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Layers of safety – boundaries and self-worth

1 Sep 2020

Layers of safety – boundaries and self-worth


Where is your ‘line in the sand’? When do you say, so far and no further?

Following on from the last few columns on layers of safety, I would like to wrap this subject up for now by chatting about what I feel is probably the most important layer before we get to physical techniques, which are an absolute last resort.

Self-worth is a commitment to yourself, it is the sense of one’s own value; it is the knowledge that you will not allow yourself or your loved ones to be placed in harm’s way. It is also knowing when you are justified to make a decision.

When you are dealing with a potential assailant, you must remember you are being confronted by a self-absorbed individual who is not afraid to use violence.

Verbal boundary enforcement is communication. It is letting a would-be assailant know that you are aware of what is occurring and that you are committed to doing whatever it takes to protect yourself. This is neither about being threatening nor bluster; it is a clear-cut message to cease and desist. This is about being assertive, not aggressive. You are doing what it takes to get him out of your boundaries, but not chasing him down the street. Before you vocalise, know how far you are willing to go.

In previous columns we have spoken about Choice – knowing what your options are and that there are only three, and knowing what you are capable of and what not. It’s about rather leaving a situation if you can and that, if you can’t, doing whatever you do need to switch your assailant off, or it is probably going to piss him off.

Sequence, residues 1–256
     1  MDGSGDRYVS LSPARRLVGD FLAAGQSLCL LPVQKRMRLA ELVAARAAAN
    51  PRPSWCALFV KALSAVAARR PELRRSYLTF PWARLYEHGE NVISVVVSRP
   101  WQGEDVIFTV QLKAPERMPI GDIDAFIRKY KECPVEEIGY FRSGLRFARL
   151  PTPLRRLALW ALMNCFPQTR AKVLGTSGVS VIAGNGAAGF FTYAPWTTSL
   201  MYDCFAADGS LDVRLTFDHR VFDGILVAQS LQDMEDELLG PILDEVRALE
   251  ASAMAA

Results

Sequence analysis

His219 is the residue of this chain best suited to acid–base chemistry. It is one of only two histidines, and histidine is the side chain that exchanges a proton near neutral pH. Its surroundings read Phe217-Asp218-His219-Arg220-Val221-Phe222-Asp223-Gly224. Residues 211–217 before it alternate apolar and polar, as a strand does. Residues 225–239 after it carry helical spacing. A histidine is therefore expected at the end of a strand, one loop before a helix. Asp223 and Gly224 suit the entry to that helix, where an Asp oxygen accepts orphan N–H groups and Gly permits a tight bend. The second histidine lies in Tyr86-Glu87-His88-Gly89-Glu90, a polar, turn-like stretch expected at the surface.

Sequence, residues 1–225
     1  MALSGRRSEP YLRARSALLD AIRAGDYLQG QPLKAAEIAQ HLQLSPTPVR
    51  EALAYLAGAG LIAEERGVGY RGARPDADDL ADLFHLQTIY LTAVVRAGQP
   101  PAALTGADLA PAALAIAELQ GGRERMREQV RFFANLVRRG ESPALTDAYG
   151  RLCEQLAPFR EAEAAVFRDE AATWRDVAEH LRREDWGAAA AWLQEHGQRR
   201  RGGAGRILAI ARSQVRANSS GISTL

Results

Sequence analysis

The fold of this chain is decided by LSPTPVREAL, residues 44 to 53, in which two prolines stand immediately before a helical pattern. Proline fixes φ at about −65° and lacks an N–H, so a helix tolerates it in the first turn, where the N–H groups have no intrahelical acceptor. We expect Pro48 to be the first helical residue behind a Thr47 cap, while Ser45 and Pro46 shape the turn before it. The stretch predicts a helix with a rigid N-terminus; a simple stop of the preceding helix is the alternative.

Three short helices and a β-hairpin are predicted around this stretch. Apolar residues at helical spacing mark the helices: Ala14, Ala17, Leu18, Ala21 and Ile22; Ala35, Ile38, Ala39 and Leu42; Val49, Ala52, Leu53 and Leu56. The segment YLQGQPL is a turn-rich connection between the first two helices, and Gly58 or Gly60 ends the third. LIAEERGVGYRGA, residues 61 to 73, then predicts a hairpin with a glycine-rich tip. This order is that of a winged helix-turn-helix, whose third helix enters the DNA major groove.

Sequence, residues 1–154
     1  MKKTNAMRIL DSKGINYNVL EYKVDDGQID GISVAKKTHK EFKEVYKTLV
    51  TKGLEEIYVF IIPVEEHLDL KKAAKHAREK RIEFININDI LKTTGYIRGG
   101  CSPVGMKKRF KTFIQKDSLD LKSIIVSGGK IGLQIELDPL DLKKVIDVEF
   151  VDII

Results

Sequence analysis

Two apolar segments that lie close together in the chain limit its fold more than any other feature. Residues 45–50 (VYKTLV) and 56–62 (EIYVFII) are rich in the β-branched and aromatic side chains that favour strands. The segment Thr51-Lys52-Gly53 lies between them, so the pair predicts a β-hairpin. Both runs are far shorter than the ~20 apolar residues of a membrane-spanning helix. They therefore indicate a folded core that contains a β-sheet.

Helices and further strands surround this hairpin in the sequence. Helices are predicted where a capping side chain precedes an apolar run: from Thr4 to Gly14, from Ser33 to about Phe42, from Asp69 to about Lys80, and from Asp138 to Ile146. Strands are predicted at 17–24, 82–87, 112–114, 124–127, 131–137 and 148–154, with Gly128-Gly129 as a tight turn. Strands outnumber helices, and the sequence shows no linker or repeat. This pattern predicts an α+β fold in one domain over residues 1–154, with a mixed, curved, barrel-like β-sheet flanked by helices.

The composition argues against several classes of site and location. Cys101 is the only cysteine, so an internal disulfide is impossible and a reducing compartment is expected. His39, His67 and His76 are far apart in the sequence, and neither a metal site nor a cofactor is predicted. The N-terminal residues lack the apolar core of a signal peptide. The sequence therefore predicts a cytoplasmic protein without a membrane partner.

All of that really means nothing if you have no self-worth and no boundaries though.

Where is your line in the sand?

When do you say this far and no further?

When do you make a decision?

Or do you wait for someone to make that desision for you?

So … you are out and about and you find yourself in a situation where something feels wrong, something is out of place, but you don’t quite know what it is .

You’ve arrived at that line in the sand, so what do you do?

What you should do is leave, because when something feels wrong, it normally is wrong.

Then you say, “No I’m being silly, I’m imagining things. I’m being oversensitive. I don’t want to cause a scene.”

So you step over that “line” and make another one, saying to yourself: “Let me see what happens, I’ll make a decision then.”

So the situation escalates and you arrive at the second line in the sand.

And even then you say: “It’s not as bad as it looks.”

So you step over that line and make another … do you see what is happening?

You are changing the Rules.

When something feels wrong, it is wrong … leave!

Next minute, all hell breaks loose and what you have been sensing all along happens. If you are fortunate enough to survive this, you will probably end up telling everyone: “I knew something was wrong.”

My question to you then is: “What the hell were you still doing there?”

If you can’t leave, there are only two things left: you can “fight”, or you can do nothing.

Doing nothing as a Choice as opposed to doing nothing because you don’t know what else you can do are two completely different scenarios.

Value your self-worth, know where your line in the sand is, and don’t move it.

Alison that evening in 1994 did exactly that … she moved the line. She knew something was wrong, but she chose to ignore it. He said to her, “Don’t worry, I don’t want to hurt you, I just want to use your car for an hour,” and she said, “I chose to believe him at that moment, still not accepting the reality: this doesn’t happen, this can’t be happening, I repeated to myself like a mantra.”

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